National Oceanic and
Atmospheric Administration
United States Department of Commerce


FY 2018

A paper on the tropical intraseasonal oscillation published in 1963 in a Chinese journal

Li, T., L. Wang, M. Peng, B. Wang, C. Zhang, W. Lau, and H.-C. Kuo

Bull. Am. Meteorol. Soc., 99(9), 1765–1779, doi: 10.1175/BAMS-D-17-0216.1, View online (open access) (2018)

The Madden–Julian oscillation (MJO) identified by Madden and Julian in the early 1970s has been well recognized as the most prominent intraseasonal signal in the tropics. Its discovery and its relationship with other weather phenomena such as tropical cyclones (TCs) are among the most significant advancements in modern meteorology with broad and far-reaching impacts. The original study by Madden and Julian used radiosonde data on Canton Island, and their spectral analysis revealed the signal of a 40–50-day oscillation.

It has come to our attention that an earlier study by Xie et al. published in a Chinese journal documented an oscillatory signal of a 45-day period using radiosonde data from several stations between 70° and 125°E in the tropics. The 40–50-day signal found by Xie et al. is strikingly evident without any filtering. Xie et al. identified that occurrences of TCs are correlated with the 40–50-day variation of low-level westerlies at these stations. The original figures in Xie et al.’s article were hand drawn. Their results are verified using data from a longer period of 1958–70. The 40–50-day oscillation in the monsoon westerlies and its relationship with the occurrence of TCs are confirmed and further expanded upon.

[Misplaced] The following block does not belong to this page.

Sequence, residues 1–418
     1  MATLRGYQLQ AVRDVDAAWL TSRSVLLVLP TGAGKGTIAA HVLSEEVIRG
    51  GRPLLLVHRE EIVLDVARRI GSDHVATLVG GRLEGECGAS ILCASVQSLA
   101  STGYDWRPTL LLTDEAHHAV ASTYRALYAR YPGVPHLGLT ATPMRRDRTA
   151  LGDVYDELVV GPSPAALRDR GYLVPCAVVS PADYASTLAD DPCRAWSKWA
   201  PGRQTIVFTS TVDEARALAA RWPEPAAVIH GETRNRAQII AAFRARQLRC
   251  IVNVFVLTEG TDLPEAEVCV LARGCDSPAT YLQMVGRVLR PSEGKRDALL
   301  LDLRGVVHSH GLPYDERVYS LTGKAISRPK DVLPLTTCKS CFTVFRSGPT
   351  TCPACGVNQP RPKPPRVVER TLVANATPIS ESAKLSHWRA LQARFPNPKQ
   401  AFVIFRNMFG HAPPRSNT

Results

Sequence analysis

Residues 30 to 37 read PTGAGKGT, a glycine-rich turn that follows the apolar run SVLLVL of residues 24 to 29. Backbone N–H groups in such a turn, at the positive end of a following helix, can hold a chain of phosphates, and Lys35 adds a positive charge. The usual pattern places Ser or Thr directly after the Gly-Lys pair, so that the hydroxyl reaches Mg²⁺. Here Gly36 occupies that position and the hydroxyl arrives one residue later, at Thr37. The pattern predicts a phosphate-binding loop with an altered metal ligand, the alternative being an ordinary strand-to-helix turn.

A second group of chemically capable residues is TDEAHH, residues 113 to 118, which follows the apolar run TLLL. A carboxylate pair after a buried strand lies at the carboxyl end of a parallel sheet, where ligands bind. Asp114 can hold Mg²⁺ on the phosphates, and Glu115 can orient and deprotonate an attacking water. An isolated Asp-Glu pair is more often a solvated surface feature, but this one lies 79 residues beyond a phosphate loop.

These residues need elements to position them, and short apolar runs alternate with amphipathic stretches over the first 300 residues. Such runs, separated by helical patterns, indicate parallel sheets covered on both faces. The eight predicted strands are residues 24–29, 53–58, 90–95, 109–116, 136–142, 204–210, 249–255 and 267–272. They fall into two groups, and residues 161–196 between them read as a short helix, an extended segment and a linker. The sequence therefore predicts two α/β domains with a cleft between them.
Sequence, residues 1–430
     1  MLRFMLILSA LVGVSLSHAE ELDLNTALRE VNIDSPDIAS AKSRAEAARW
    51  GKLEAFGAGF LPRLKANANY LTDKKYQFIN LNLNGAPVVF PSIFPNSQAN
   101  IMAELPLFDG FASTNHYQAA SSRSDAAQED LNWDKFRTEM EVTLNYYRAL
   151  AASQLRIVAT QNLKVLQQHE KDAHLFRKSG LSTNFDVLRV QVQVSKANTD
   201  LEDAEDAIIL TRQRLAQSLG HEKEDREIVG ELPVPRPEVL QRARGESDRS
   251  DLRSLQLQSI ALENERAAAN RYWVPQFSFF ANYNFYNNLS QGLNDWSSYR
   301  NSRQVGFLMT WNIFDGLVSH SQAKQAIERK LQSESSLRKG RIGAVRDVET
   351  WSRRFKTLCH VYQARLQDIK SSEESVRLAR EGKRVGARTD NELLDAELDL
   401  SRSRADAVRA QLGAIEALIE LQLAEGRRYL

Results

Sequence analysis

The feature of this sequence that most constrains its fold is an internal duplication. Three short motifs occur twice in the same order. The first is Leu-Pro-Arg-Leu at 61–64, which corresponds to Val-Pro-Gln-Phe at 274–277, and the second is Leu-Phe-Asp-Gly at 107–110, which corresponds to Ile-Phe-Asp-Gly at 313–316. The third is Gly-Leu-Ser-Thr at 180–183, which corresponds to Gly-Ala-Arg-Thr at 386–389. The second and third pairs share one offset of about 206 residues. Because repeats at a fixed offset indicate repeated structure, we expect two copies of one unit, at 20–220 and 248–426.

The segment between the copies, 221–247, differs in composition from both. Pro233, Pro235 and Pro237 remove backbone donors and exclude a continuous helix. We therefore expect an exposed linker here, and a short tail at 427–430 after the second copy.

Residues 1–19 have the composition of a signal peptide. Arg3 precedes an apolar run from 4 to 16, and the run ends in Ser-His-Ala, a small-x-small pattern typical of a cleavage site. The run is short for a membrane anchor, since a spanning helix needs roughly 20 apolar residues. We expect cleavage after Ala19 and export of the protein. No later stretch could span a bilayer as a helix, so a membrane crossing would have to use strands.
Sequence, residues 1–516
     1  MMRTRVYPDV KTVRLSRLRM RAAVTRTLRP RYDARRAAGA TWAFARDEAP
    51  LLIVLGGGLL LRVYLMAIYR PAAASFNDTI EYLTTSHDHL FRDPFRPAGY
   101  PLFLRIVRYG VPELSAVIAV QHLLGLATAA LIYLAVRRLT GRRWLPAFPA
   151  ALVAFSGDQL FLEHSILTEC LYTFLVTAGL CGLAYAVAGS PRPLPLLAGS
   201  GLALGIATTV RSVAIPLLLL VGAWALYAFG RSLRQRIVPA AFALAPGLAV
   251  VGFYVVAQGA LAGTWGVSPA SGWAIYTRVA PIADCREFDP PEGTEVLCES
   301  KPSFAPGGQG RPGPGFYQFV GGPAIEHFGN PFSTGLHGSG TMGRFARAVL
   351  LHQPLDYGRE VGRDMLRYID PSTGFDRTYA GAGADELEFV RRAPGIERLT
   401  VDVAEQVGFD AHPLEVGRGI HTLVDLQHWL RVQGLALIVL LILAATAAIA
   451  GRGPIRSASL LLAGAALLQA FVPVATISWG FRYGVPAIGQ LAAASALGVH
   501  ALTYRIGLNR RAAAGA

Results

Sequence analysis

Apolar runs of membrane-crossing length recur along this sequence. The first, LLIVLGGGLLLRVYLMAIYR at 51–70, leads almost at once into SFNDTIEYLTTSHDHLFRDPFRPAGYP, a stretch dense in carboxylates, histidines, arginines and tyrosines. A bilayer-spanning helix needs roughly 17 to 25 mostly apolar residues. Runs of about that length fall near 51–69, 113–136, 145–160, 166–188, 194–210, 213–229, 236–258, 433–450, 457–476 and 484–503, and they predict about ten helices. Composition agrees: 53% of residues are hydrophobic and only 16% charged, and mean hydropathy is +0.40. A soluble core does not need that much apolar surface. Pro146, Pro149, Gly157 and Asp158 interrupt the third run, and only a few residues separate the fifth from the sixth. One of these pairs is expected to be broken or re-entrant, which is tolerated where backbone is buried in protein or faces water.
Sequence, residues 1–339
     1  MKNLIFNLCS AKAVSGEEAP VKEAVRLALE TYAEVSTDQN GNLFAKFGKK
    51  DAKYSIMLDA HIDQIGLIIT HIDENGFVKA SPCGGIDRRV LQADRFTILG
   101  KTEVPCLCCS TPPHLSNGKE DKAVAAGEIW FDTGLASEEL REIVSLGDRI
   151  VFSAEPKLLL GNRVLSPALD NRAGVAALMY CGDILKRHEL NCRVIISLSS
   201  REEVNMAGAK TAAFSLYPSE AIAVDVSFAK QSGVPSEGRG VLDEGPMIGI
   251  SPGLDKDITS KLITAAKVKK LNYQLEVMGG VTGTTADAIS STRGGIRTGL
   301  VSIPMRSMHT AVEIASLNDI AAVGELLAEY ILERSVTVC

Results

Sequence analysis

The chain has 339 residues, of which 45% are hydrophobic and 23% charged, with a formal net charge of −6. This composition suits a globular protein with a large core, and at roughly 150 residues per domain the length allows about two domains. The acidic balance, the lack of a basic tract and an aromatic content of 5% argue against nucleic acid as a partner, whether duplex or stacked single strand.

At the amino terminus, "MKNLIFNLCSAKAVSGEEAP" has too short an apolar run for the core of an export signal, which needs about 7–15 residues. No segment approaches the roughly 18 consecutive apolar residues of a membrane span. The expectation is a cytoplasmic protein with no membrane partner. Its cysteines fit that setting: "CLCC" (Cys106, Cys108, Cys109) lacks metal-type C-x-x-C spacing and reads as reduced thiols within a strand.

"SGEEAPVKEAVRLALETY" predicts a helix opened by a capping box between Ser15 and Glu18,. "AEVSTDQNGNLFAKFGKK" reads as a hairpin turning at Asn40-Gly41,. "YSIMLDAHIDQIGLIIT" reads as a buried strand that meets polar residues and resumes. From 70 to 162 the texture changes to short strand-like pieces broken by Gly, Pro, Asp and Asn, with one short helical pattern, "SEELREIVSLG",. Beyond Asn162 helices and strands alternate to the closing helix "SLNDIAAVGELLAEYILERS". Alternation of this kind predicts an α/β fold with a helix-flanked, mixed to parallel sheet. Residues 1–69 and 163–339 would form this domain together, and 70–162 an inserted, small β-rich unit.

This study serves the purpose of bringing recognition to the community of the identification of a 40–50-day signal published in Chinese in 1963 and the discovery of the correlation between MJO phases and TC genesis three decades earlier than studies on this subject published outside China.

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